Home / National News / Alberto nears landfall along Florida Panhandle

 

(NEW YORK) — The season’s first named subtropical storm, Alberto, is nearing landfall by Pensacola, Florida, as it brings heavy rain from Florida to Georgia to the Carolinas.

As of 5 a.m., the storm was about 125 miles south of Destin, Florida, and moving northwest at about 7 mph.

The current projected path shows it will make landfall near Pensacola around 1 p.m. Monday as a subtropical storm, with winds of 65 mph.

A tropical storm warning is in effect from the Suwannee River, the unofficial start of the Florida Panhandle, west to the Mississippi/Alabama border.

After making landfall in Florida, the storm will begin to significantly weaken as it tracks through Alabama and into the Tennessee Valley by Tuesday.

The biggest threat will be the heavy rainfall that could cause flash flooding well inland and away from the coast.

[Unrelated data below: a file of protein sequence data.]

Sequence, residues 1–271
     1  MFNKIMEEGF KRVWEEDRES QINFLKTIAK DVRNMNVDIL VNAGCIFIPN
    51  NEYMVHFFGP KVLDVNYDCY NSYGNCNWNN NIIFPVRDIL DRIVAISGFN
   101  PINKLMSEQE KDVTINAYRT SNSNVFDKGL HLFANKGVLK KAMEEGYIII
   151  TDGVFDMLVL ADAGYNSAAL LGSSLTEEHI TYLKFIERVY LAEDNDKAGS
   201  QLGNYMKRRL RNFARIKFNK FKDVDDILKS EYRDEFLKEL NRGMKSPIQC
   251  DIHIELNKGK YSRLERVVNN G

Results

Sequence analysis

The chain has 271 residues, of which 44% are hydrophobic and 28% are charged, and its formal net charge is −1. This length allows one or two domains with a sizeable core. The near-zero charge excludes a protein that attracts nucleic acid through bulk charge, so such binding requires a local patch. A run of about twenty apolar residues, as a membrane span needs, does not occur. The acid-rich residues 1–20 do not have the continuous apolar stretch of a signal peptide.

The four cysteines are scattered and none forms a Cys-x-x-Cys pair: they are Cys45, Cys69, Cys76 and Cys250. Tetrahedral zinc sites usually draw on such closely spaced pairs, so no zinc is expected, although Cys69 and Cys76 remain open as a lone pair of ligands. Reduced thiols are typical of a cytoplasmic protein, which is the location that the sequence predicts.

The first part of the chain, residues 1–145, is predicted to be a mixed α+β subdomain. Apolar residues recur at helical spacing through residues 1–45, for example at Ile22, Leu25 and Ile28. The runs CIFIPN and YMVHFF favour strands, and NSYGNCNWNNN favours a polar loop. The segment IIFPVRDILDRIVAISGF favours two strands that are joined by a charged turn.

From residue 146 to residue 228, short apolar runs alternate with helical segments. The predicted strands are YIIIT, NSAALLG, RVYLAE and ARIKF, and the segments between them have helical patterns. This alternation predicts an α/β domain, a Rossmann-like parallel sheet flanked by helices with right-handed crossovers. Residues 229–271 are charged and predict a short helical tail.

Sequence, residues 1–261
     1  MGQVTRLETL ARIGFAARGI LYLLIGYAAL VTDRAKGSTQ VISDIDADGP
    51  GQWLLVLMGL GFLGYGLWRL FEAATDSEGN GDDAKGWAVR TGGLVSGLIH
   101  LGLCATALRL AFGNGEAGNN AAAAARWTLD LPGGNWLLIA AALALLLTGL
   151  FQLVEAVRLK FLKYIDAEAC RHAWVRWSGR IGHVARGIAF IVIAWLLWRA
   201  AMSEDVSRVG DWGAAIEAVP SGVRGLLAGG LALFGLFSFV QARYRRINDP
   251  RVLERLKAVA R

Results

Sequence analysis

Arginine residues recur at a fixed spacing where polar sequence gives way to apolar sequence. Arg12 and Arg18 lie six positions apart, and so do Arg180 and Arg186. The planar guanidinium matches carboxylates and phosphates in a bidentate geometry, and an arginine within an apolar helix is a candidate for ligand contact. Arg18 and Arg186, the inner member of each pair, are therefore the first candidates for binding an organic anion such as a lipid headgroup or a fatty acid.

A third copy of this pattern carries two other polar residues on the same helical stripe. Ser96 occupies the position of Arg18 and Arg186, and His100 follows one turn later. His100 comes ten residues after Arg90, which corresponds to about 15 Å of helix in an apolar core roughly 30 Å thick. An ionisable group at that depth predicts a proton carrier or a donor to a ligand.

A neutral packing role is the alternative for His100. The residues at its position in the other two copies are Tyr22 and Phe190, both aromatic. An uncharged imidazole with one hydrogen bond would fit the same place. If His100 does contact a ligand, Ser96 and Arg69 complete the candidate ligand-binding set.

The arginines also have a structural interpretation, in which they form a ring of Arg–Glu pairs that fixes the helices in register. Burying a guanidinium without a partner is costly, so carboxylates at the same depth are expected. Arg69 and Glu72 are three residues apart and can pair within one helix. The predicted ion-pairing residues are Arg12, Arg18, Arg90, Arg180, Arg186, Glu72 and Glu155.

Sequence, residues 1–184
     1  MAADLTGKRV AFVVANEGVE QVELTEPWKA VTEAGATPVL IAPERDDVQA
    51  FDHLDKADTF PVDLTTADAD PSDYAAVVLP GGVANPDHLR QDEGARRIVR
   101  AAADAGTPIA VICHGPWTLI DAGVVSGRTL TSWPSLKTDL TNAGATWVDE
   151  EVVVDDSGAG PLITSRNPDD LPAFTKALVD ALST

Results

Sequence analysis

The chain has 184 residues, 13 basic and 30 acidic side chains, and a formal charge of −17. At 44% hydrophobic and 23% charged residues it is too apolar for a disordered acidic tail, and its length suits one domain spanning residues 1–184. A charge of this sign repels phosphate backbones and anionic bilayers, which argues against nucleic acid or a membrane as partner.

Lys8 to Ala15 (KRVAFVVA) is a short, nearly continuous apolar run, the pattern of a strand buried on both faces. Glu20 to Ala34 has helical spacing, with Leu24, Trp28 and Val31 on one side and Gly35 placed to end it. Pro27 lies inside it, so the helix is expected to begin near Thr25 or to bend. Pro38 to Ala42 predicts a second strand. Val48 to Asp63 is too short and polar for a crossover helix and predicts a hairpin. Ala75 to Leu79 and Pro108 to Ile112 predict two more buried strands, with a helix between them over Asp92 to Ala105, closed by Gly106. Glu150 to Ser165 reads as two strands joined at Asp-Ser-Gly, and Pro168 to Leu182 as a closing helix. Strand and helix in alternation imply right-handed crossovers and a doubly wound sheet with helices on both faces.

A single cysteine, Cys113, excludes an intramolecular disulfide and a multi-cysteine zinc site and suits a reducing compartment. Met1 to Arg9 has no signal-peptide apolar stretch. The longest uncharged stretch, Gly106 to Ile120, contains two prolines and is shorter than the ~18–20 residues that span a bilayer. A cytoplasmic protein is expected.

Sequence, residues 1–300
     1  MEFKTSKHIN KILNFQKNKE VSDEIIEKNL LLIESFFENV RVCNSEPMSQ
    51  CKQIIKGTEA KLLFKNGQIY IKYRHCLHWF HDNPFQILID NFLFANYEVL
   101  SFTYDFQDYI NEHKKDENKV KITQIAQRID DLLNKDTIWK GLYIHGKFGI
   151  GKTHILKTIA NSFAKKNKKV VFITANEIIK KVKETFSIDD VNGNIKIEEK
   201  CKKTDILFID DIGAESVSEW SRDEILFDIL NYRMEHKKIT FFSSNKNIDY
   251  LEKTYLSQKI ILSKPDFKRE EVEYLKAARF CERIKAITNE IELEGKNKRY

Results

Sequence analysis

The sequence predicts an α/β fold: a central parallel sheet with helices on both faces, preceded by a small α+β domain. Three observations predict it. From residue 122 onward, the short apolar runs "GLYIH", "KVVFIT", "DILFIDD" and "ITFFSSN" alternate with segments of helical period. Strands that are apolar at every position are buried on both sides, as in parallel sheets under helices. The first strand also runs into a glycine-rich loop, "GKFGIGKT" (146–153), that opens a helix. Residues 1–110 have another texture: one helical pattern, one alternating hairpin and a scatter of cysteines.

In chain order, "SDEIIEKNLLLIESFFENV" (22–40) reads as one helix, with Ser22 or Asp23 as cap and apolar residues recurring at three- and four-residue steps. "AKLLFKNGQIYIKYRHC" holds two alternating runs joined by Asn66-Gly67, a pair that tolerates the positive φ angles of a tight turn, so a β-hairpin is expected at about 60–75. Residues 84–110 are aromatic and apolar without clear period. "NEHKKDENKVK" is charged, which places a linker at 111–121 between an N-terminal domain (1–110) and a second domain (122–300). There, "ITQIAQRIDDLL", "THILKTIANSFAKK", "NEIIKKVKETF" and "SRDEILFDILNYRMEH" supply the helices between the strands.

The heaviest rain will fall along the Gulf Coast where more than a half a foot of rain could accumulate. Parts of Midwest could see more than 3 inches of rain as the remnants move through the area by Wednesday. Flash flooding is possible.

Midwest tornadoes possible

Almost 140 damaging storm reports, including eight tornadoes, were made Sunday from the Midwest into the Rockies, where damage was reported to homes in Wyoming.

On Monday, a huge area of severe weather is expected in the Plains. Tornadoes, damaging winds and hail are the biggest threats. Flash flooding is also possible.

Record heat hits central US

Dozens of record highs fell across the Midwest and the Great Lakes over the weekend.

The hottest temperature was in Madison, Minnesota, where it reached 102 degrees Sunday.

Chicago hit 97, the hottest temperature in the last five years, and the second-hottest temperature in May all-time.

Milwaukee reached 95 degrees, the hottest May temperature ever, and Green Bay, Wisconsin, reached 97 degrees — second-hottest temperature ever recorded in the month of May.

Even hotter temperatures are forecast for some areas Monday — with more records possible.

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